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Erica Massey, a Surgical Trauma ICU nurse at USA Medical Center, developed two abstracts accepted for poster presentation at the Southern Excellence in Nursing Consortium last fall hosted by the University of South Alabama College of Nursing.
The first focused on isolation procedures for patients with potentially transmittable infections, the second on handling patients with potential alcohol withdrawal problems.
Massey credits several people but key investigators were University of South Alabama College of Nursing Professors Theresa Wright, RN, DNP, and Loni Tang, MD, for their roles.
“The isolation abstract, titled ‘Preventing Transmission of Infectious Agents in Healthcare Settings: Clearing Isolation Precautions for Patients with a History of MRSA,’ came about because we have patients on isolation who didn’t understand what isolation really meant, so they would leave their rooms,” Massey said. “Once an isolated patient leaves their room, they can unknowingly expose others to infections or put themselves at further risk,” she said.
To help combat the problem, she worked with infection control, other nurses and staff members, infectious disease specialist physicians and USA College of Nursing professors to develop a nurse-driven order set derived directly from the hospital’s policy, which would allow nurses to clear isolation precautions from the patients who no longer carry a contagion. Removing unnecessary isolation precautions is beneficial with improved workflow and increased patient to healthcare worker contact time.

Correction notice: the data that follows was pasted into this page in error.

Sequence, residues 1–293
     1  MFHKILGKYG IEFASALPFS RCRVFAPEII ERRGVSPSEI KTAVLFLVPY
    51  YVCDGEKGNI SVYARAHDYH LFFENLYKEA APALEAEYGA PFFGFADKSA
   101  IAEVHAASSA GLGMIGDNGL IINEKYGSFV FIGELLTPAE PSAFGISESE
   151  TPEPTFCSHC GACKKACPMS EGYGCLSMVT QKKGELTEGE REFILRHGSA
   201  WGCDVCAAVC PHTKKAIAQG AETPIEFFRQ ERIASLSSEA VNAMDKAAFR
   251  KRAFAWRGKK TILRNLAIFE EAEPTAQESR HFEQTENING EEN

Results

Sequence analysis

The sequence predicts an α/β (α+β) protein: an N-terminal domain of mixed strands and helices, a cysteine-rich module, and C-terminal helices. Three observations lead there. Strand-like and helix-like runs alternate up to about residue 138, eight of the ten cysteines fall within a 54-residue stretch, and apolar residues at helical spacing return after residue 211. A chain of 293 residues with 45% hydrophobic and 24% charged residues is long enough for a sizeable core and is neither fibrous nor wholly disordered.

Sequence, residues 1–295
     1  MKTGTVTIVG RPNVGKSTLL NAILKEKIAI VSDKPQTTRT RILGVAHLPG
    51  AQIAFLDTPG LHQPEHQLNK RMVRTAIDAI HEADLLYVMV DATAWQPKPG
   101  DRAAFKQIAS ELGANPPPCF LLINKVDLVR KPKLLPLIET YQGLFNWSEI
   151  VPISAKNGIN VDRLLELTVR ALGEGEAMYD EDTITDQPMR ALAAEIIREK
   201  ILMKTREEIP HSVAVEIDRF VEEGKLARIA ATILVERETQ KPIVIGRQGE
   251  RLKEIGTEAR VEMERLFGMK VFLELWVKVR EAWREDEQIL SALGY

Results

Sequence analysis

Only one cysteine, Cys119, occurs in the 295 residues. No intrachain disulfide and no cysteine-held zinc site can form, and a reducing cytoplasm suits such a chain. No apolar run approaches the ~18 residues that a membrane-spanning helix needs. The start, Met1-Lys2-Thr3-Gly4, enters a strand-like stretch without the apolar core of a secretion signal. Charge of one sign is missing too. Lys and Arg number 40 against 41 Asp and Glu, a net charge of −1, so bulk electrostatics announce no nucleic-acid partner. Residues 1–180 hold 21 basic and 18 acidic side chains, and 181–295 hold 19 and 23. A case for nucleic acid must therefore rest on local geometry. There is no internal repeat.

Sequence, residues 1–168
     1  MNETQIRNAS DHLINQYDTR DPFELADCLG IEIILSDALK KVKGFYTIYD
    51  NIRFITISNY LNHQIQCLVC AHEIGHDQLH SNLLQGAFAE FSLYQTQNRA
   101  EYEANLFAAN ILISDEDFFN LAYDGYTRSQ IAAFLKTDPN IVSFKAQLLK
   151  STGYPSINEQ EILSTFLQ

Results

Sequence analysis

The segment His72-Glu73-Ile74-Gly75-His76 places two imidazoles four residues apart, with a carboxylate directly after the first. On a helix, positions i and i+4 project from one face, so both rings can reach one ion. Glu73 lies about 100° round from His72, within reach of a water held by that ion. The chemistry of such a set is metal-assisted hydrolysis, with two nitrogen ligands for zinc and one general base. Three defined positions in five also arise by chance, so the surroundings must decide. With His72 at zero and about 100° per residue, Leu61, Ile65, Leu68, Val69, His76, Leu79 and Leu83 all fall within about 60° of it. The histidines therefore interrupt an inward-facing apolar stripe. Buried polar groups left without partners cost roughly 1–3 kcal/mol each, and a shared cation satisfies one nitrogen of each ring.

“The second abstract, titled ‘Clinical Institute Withdrawal for Alcohol: Instituting a Standardized Approach of Treating Alcohol Withdrawal Symptoms.’ deals with alcohol withdrawal,” she said. It’s common for patients with a history of chronic alcohol intake not to admit they drink during their initial evaluation by nursing staff, but rather than saying they are alcohol dependent they will say they drink socially or not at all. Alcohol dependence is the third leading cause of preventable death. If hospital staff don’t know about the alcoholism, it’s harder to treat and can negatively affect a patient’s outcome.
“Our goal is to prevent withdrawal symptoms by early identification of symptoms,” she says. “If we recognize it early, we can treat it safely and effectively.”
About the University of South Alabama Medical Center
The University of South Alabama Medical Center offers patient-centered care to the central Gulf Coast with unique services including Mobile’s only Level I Trauma Center and Regional Burn Center, plus Centers of Excellence in stroke care and cardiovascular diseases, and a wide range of acute care services.
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